But it’s not clear how these geographical differences play a role in mortality, or why the effect would be so much greater on women than on men. “Clearly something is going on,” Kindig said. “It could be cultural, political, or environmental, but the truth is we don’t really know the answer.”

Other researchers have pointed out the correlation between education rates and declining female health outcomes. The most shocking study, published in August 2012 by the journal Health Affairs, found that life expectancy for white female high-school dropouts has fallen dramatically over the past 18 years. These women are now expected to die five years earlier than the generation before them—a radical decline that is virtually unheard of in the world of modern medicine. In fact, the only parallel is the spike in Russian male mortality after the fall of the Soviet Union, which has primarily been attributed to rising alcohol consumption and accidental death rates.

“It’s unprecedented in American history to see a drop in life expectancy of such magnitude over such a short time period,” said Jay Olshansky, the lead author of the study. “I don’t know why it happened so rapidly among this subgroup. Something is different for the lives of poor people today that is worse than it was before.”

Education alone does not explain why female high-school dropouts are so much worse off than they were two decades ago. But researchers have used it as a proxy to determine more significant socioeconomic indicators, like access to health care and income opportunities, as well as health behaviors like smoking and obesity. Smoking in particular appears to have had a significant impact on female mortality rates, as the health consequences of previous decades of tobacco use set in. Olshansky points out that female obesity and drug abuse have risen dramatically over the past two decades, and may also play a role in mortality rates.

Researchers are hopeful that the expansion of health-care coverage under the Affordable Care Act will help ameliorate some of the health risks for poor and uneducated women. But access to health insurance is only part of the puzzle—in fact, Kindig’s study found that medical care factors had no discernible impact on death rates at the county level. “Health care is far from the whole story,” Kindig told me. “More and more people are beginning to realize that the non-health-care factors are at least as important.”

In May, Jennifer Karas Montez, a social demographer who studies health inequalities, co-authored a study that was the first to investigate how quality of life might be playing a role in the early deaths of female high-school dropouts. Montez found that while smoking accounts for half of the decline in life expectancy among these women, whether or not a woman has a job is equally significant. “Women without a high-school degree have not made inroads in the labor force, especially in post-recession America,” Montez said in an interview. In fact, only one-third of women without a high-school diploma are employed, compared to half of their male counterparts, and nearly three-quarters of better-educated women. When they are employed, Montez said, it is usually in low-wage jobs that offer no benefits or flexibility. Smoking and other destructive behaviors, she added, may just be symptoms of the heightened stress and loneliness experienced by women who don’t graduate from high school.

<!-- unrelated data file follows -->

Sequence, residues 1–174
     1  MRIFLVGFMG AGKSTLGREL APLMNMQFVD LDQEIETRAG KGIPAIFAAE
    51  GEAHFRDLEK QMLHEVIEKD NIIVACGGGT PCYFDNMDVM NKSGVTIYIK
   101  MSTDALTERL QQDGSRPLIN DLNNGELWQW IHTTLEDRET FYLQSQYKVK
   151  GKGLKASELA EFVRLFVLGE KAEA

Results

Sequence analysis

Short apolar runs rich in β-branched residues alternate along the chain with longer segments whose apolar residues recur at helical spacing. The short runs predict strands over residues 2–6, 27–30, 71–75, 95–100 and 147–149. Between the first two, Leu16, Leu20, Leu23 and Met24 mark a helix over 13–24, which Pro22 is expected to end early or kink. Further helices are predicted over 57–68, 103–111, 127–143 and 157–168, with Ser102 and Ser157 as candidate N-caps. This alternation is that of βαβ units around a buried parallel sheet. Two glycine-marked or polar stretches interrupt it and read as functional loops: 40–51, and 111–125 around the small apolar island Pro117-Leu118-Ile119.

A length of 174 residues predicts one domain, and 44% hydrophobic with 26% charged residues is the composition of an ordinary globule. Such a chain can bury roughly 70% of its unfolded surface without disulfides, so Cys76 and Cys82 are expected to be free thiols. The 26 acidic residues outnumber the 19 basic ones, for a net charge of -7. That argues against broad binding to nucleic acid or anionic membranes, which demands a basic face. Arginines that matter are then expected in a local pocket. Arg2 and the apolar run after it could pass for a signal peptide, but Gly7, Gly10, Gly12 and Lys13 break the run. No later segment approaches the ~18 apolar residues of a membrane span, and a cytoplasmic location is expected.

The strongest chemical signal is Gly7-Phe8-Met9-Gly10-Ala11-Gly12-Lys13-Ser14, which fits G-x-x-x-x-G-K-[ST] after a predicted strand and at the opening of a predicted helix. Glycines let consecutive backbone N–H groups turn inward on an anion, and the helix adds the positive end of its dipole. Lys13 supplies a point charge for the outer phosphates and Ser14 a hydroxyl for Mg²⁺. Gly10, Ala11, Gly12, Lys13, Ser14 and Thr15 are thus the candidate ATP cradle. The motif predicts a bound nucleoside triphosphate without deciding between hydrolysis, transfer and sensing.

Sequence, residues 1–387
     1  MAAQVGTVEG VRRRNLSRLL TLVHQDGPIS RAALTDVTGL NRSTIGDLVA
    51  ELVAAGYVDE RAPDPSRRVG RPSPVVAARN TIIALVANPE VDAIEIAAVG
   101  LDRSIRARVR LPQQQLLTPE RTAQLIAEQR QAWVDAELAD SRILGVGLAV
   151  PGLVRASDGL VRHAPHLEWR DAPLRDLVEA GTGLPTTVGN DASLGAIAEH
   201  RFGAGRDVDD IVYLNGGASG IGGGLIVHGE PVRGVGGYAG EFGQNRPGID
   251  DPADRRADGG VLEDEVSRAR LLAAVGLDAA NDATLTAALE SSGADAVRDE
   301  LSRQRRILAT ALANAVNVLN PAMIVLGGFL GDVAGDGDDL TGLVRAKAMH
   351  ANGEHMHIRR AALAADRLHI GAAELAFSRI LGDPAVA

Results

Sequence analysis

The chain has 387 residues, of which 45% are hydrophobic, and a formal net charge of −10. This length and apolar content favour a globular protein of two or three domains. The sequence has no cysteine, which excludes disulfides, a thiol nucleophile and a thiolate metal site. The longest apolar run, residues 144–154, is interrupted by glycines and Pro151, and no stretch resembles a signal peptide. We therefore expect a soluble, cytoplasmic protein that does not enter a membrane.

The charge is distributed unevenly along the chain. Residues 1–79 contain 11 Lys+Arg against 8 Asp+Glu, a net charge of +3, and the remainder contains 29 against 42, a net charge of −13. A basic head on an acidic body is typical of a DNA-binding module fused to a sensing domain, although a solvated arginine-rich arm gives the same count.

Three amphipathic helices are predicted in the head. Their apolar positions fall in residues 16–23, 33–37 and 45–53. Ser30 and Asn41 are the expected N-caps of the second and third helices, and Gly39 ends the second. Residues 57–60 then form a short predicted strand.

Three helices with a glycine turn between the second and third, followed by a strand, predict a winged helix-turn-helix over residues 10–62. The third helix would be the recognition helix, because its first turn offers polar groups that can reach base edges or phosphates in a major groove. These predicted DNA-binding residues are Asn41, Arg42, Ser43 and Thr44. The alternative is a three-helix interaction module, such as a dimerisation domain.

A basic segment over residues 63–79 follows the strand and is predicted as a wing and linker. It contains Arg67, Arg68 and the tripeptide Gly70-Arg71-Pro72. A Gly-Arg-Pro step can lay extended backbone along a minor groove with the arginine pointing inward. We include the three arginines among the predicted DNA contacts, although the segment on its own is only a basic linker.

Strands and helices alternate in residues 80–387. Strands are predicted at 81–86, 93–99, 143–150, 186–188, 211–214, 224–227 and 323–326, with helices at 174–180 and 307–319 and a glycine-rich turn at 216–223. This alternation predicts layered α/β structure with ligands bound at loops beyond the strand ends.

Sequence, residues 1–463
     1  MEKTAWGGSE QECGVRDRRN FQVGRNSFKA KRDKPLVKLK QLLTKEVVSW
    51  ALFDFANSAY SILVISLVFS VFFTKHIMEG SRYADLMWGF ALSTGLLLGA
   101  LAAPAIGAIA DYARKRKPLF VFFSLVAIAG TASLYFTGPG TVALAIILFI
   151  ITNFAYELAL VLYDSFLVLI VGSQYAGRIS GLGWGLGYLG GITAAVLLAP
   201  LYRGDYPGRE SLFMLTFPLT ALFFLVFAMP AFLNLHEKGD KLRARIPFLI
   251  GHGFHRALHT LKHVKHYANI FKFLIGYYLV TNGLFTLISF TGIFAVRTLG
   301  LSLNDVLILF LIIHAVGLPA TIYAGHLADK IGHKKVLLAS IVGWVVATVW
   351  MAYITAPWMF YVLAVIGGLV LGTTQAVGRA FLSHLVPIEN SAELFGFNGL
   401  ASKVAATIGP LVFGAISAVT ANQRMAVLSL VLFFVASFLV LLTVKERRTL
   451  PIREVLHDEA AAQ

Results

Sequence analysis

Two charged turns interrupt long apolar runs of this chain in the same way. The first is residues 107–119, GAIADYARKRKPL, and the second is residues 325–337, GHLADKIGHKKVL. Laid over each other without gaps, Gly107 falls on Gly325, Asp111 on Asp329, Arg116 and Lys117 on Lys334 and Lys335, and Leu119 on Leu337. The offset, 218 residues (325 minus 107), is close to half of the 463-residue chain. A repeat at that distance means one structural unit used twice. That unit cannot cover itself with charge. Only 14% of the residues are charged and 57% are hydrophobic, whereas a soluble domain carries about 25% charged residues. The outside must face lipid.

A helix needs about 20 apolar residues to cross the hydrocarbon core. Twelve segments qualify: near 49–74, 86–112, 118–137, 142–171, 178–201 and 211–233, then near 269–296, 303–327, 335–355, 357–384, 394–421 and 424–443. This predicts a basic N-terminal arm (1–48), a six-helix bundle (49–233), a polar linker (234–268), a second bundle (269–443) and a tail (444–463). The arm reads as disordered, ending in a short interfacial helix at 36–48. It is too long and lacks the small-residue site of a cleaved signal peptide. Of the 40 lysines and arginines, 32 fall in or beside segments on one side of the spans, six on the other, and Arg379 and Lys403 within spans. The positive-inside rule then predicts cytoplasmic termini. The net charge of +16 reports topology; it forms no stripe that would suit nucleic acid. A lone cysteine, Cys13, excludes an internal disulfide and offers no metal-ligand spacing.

“Life is different for women without a high-school degree than it was a few decades ago, and in most cases it’s a lot worse,” she said. “It’s really just a perfect storm.”

 

http://www.theatlantic.com/health/archive/2013/10/us-women-are-dying-younger-than-their-mothers-and-no-one-knows-why/280259/

Google teams up with Apple chairman to try to extend life

Google has teamed up with Apple’s chairman to launch a new company that will attempt to significantly increase the human lifespan.

A Google member of staff walks through the company headquarters in London, UK

Google’s chief executive hinted that the new company could look at curing cancer Photo: Bloomberg News

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6:53PM BST 18 Sep 2013

Calico will use biotechnology to tackle major illnesses and aging, the search giant announced on Tuesday.

The new company will be led by Arthur Levinson, who as well as being chairman of Apple and biotech firm Genentech, holds a PhD in biochemistry from Princeton and is also a member of the Biotech Hall of Fame.

Announcing the creation of Calico, Google chief executive Larry Page said: “Illness and aging affect all our families… from the decreased mobility and mental agility that comes with age, to life-threatening diseases that exact a terrible physical and emotional toll on individuals and families.

“With some longer term, moonshot thinking around healthcare and biotechnology, I believe we can improve millions of lives.”

The average life expectancy in the UK is 79 for men and 82 for women, according to the World Health Organisation.

Despite saying the venture is in its “early days”, Mr Page hinted that one of the illnesses Calico’s small team, based near Google’s headquarters in San Francisco, will look at is cancer.

According to Macmillan Cancer Support, more than a third of Brits will develop cancer at some point in their lives.

“We think of solving cancer as this huge thing that’ll totally change the world,” Mr Page told TIME magazine. “But when you really take a step back and look at it, yeah, there are many, many tragic cases of cancer, and it’s very, very sad, but in the aggregate, it’s not as big an advance as you might think.”